Adapted from a conversation today on facebook, about riots in response to police brutality.
Have you ever felt like you were asking for something and being ignored? Asking and asking and asking. Mostly asking for something to stop, because it hurts you. And the people you’re asking just kind of laugh and ignore you? If they respond at all, it’s to make it a joke, or to tell you to stop being what you are? And eventually, you ask louder and louder, and they start getting defensive and a little uncomfortable and block you out, and finally one day you just start screaming, and they get upset because you’re hurting their ears and why are you so angry anyhow, you’re making them FEEL BAD, god damn, and maybe you eventually get through that the thing they were doing MATTERS to you and maybe they change a little, either because they understand, or maybe they don’t understand but they don’t like being screamed at either, and then things return to how they were, but maybe a little bit better in that one way.
And later, you’re being hurt again, in a different way. And you ask for it to stop. And you’re ignored and laughed at. And you know, KNOW that it’s going to end in screaming again and you’d really like for that not to happen, wouldn’t it be nice if they would JUST LISTEN and take you seriously and adjust their behavior? But they don’t and the whole cycle repeats. And there’s a little bit of improvement, but only a little, on a very specific issue.
And next time, next time…. you ask and ask…. and you know it’s going to end with screaming and they tell you how you’re HURTING THEM, why do you keep HURTING THEM and you try to explain but it takes another few cycles before they learn to try and listen before the screaming starts (or maybe they never do).
Have you ever felt like that? I’m curious.
For so many people, what I’ve described is just ordinary life. They would describe themselves in all the same ways you describe yourself, except there’s some element of their life they can’t, for whatever reason, remove themselves from. It’s just that their ordinary life features some element of oppression and diminishment that is so… typical… that those who have never experienced it can’t even imagine what it’s like because they accept that it’s normal. But it’s nothing very remarkable, nothing far away, no storybook suffering. It’s right there, ordinary. It’s the mother who works all day at a job and all evening running a household while her husband watches TV. It’s being careful when you drive because being pulled over could lead to death. It’s being told that you’re emotional, weak, a criminal in the making. It isn’t cinematic trauma. It’s just a life, underneath.
Some people speak of a line of civilians protecting the police lines as a way of ‘ending the madness’. I have no idea what ‘end the madness’ even means. How does a line of people in front of the police stop the police from murdering people? Aren’t they simply more potential victims?
Ah, I see. You explain. The ‘madness’ is the property destruction and looting. Of course. And you go on: Minorities must be like Dr. King: peaceful, and effective, and dead.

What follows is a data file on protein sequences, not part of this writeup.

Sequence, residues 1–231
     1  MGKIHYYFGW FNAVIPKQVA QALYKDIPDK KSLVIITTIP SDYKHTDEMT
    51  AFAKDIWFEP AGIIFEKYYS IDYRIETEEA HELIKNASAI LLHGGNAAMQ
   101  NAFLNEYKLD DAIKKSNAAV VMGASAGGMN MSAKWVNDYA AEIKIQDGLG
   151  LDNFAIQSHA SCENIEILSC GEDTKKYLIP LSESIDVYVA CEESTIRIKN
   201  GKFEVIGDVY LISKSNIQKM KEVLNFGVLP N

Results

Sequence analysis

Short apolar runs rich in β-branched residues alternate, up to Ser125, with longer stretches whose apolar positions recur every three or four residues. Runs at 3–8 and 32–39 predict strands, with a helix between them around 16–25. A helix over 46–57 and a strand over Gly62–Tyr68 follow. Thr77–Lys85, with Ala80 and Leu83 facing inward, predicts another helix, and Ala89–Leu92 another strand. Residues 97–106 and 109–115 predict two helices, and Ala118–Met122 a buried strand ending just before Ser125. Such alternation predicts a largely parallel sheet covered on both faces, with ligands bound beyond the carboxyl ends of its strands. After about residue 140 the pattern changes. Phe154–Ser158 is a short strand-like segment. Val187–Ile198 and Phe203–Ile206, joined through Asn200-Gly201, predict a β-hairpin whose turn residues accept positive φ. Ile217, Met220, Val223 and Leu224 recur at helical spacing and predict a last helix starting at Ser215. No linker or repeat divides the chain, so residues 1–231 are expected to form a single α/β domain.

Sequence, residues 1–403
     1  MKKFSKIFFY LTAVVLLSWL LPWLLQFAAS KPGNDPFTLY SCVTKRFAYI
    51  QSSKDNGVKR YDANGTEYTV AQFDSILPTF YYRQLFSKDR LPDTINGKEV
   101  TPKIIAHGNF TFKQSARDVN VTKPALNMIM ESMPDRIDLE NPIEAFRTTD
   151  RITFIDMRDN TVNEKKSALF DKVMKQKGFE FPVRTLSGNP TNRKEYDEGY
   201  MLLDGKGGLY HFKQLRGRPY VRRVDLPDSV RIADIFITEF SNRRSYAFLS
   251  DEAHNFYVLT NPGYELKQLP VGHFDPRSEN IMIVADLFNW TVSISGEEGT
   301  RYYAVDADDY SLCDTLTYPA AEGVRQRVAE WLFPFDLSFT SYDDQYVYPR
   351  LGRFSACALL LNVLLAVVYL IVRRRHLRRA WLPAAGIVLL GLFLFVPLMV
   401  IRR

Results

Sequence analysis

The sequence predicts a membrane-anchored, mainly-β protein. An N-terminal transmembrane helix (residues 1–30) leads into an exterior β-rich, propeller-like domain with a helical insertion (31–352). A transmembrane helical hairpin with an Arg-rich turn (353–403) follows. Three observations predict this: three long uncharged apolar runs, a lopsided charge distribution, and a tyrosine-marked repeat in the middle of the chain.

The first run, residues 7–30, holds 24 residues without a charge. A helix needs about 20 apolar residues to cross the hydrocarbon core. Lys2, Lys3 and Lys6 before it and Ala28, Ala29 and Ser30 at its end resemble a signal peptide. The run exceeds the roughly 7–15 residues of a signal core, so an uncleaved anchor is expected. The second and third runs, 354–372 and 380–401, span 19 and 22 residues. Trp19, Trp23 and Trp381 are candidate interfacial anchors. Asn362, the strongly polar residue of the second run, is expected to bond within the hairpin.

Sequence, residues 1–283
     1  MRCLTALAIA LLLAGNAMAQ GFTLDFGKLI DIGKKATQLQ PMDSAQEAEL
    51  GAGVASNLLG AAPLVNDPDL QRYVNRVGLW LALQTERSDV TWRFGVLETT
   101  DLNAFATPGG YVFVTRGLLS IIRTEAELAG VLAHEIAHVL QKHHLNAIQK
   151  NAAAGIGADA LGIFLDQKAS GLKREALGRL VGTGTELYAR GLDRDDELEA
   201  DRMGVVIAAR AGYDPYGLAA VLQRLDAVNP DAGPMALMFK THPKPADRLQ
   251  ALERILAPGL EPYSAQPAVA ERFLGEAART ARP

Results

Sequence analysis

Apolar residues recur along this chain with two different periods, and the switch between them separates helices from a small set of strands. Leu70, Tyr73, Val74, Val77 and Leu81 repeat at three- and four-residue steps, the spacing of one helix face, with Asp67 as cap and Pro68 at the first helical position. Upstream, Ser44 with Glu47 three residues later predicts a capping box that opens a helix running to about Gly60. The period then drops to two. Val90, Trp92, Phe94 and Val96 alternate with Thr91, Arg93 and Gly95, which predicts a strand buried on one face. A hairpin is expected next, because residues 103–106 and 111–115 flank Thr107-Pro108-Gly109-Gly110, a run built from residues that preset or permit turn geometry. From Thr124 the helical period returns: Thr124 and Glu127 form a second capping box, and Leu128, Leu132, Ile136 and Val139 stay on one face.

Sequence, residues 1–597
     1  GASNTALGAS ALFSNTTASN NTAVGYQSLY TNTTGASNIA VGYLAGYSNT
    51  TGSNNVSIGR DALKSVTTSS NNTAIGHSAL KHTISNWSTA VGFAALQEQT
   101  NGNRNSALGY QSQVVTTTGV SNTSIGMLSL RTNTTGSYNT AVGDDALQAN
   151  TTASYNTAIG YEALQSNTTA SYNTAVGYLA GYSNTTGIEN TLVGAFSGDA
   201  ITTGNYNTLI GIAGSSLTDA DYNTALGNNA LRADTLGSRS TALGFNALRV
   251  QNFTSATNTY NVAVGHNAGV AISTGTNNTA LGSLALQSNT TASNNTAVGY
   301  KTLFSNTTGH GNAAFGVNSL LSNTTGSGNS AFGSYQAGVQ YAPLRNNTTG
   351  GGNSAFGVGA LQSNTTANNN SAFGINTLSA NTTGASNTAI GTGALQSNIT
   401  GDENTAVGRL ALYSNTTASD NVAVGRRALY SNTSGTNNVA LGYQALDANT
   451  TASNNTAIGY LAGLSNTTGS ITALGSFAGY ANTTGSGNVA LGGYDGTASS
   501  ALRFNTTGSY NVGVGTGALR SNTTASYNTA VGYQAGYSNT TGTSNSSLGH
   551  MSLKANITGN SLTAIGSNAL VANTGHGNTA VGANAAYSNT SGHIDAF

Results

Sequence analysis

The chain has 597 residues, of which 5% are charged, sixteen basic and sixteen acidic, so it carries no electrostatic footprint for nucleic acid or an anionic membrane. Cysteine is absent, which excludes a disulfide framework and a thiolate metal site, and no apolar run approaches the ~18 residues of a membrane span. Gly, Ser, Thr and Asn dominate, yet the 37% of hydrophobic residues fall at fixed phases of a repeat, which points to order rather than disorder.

And so: you are continuing to make the same error as so many others: that the madness began with the destruction and the violence. That the murders are not madness. You are saying the screaming is the problem, not what prompted it. And you are idolizing a murdered man over all of the living people working every day to find a peaceful solution and being ignored, over and over and over again. They have been patient and they have been good, for decades since your hero was killed, and yet they are still being killed. How long must they be patient and must they be good?
Because I can tell you, from personal experience, that being good and asking quietly and politely for change does not produce change. All it leads to is death. And the reason for this is exactly what you are demonstrating: you condemn the aggression and ignore everything else in order to idolize somebody who you believe behaved appropriately.
Indeed, rioting is madness. It is a city’s tortured soul expressing itself. It is a city cutting itself. And a line of people protecting the police will not do anything at all to cure the madness. All it is doing is hiding the razor blades.
Violence never made anything whole again and the people protesting are the ones who know that best. The people who forget that are the ones in positions of power, because they are sheltered from violence. They drive people to the brink of violence and believe they can escape unscathed, despite the many proofs presented by history. I don’t know if they think, “This time it will be different,” or if they’ve been so sheltered from violence they no longer remember what it feels like to be driven into a corner with no other options left.
You don’t know the right response but you’re sure it isn’t violence? Yes. The ‘right response’ is making sure that what happened doesn’t ever happen again, and that power is denied to the people who assemble peacefully, while the people who do have the power to make the ‘right response’ choose not to, over and over and over again.
The ‘right response’ is people like you, older privileged white people, getting passionately involved before the protests become violent: using your power and your privilege and your concern for property to do more than armchair quarterback. The ‘right response’ is noticing and stopping this before a city screams. Yet again. The ‘right response’ is not on the victims. It is on us.